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UK businesses in chronic need of deep learning skills

Written by Thu 6 Feb 2020

Cloud skills

AI skills shortage fast becoming a crisis, new research argues

British businesses are in dire need of more deep learning talent and risk falling behind other countries if the skills gap is not bridged, according to new research.

AI firm Peltarion surveyed UK and Nordic firms about the impact of the AI skills shortage on their businesses. 83 percent of the AI decision-makers surveyed said a deep learning skills shortage is hampering business productivity and competitiveness. 49 percent said AI projects had been delayed due to the gap, while 44 percent said the shortage was preventing further investment in the technology.

Organisations around the world are racing to take advantage of deep learning to solve complex data-rich business problems and predict customer behaviours.

The UK government has underlined the importance of AI innovation to the future of the economy. In 2018, the government secured £1 billion investment into AI with the help of US tech giants, EU telecom firms and Japanese venture capital.

The UK is currently third in the world for raising investment in AI after hitting an all-time high in 2018. As it stands, however, UK businesses are at risk of missing out on AI’s benefits and falling way behind global leaders US and China.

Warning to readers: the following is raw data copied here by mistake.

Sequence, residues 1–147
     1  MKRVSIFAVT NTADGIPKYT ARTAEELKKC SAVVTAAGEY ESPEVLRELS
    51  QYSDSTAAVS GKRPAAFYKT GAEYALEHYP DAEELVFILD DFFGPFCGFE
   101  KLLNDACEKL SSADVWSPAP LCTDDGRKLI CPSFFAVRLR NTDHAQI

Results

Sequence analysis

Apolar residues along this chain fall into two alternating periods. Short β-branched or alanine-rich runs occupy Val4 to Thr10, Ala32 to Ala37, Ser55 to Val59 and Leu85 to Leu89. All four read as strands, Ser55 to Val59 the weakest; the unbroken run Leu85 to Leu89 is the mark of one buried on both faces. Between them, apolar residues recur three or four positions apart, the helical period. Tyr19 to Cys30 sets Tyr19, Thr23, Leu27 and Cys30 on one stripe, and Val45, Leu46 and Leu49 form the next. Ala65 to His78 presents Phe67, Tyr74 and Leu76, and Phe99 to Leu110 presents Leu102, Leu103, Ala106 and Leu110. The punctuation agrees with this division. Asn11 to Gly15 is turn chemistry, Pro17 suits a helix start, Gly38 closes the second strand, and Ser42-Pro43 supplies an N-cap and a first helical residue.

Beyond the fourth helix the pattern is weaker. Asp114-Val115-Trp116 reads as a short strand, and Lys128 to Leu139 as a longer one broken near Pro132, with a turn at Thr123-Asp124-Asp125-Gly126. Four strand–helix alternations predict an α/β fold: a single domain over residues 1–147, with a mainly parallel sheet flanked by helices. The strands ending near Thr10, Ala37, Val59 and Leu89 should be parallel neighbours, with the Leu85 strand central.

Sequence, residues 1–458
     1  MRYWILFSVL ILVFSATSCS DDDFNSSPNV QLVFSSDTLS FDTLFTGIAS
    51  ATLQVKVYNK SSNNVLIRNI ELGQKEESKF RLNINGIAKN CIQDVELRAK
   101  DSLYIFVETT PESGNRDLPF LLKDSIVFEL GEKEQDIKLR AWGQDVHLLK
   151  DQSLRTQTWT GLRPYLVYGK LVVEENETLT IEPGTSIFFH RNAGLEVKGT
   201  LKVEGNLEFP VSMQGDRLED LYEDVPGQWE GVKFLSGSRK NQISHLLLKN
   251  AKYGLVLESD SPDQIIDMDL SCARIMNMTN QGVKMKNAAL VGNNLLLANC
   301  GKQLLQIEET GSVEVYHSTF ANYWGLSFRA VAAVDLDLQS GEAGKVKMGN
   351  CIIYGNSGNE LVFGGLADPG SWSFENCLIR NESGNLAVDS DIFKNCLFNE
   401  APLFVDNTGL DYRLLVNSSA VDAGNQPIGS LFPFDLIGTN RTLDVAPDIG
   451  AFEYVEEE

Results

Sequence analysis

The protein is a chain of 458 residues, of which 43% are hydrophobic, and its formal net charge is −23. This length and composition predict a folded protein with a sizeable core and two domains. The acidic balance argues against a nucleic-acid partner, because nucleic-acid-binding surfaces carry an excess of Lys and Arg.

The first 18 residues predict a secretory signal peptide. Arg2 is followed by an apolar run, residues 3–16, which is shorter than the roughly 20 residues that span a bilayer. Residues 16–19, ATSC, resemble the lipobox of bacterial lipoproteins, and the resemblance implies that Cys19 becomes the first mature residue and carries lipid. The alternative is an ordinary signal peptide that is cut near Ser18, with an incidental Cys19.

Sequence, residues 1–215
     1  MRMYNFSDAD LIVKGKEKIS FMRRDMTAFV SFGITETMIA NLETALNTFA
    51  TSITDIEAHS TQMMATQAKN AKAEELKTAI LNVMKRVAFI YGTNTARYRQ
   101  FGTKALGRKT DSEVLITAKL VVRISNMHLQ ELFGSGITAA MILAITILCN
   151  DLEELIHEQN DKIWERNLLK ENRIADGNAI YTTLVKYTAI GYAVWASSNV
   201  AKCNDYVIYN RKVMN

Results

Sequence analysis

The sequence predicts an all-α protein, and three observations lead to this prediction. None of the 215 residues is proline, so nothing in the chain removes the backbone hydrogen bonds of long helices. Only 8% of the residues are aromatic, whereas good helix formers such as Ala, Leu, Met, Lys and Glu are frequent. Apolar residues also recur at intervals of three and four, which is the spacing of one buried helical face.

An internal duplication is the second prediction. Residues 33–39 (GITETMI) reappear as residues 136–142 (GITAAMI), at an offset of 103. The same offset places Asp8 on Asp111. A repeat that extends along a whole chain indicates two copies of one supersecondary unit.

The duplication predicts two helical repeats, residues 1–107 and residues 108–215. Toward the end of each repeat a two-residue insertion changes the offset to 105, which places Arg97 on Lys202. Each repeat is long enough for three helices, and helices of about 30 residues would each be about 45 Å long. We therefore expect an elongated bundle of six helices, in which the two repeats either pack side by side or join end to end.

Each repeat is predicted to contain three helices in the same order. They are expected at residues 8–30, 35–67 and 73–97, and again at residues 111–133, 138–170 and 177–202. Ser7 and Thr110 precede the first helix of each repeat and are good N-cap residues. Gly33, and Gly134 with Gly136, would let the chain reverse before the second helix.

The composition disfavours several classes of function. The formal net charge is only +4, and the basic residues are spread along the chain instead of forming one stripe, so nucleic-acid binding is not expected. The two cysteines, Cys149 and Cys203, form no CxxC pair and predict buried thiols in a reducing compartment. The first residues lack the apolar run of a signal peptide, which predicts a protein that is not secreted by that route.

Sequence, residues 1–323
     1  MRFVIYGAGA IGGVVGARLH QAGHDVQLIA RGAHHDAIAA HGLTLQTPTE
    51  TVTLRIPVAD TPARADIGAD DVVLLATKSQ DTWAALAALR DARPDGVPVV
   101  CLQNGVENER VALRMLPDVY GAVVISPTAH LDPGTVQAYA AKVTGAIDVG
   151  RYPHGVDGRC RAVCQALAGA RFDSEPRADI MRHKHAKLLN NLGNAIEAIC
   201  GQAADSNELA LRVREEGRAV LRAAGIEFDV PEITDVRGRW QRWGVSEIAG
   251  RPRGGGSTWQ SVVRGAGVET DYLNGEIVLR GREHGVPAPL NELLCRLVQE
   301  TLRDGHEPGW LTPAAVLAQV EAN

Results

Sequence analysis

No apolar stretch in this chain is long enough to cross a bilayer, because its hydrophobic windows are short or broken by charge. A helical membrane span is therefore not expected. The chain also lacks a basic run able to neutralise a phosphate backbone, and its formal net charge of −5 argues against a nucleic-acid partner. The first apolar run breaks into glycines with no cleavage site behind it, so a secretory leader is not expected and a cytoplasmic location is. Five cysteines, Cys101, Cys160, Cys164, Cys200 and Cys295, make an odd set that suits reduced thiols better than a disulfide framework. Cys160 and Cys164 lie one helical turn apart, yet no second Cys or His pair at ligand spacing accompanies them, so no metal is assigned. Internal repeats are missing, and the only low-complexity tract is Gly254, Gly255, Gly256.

To help address the gap, 71 percent of UK businesses are actively recruiting machine learning engineers and data scientists, Peltarion said. However, it added that this could simply be a sign that the skills draught is prolonging the recruitment process.

Exacerbating the problem is a lack of mature projects with which to attract top talent. 45 percent of businesses claim this is the reason they are struggling to hire.

“This report shows that companies can’t afford to wait for data science talent to come to them to progress their AI projects,” explained Luka Crnkovic-Friis, Co-Founder and CEO at Peltarion. “The current approach, which relies on hiring an isolated team of data scientists to work on deep learning projects, is delaying projects and putting strain on the talent companies do have.”

Crnkovic-Friis advocates internal training to discover existing deep learning talent within the business, allowing other members of staff to contribute to AI projects.

“This will reduce the strain on data scientists and lower deep learning’s barrier to entry. We need to make deep learning more affordable and accessible to all by reducing its complexity,” he noted.

 

 

Written by Thu 6 Feb 2020

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deep learning UK
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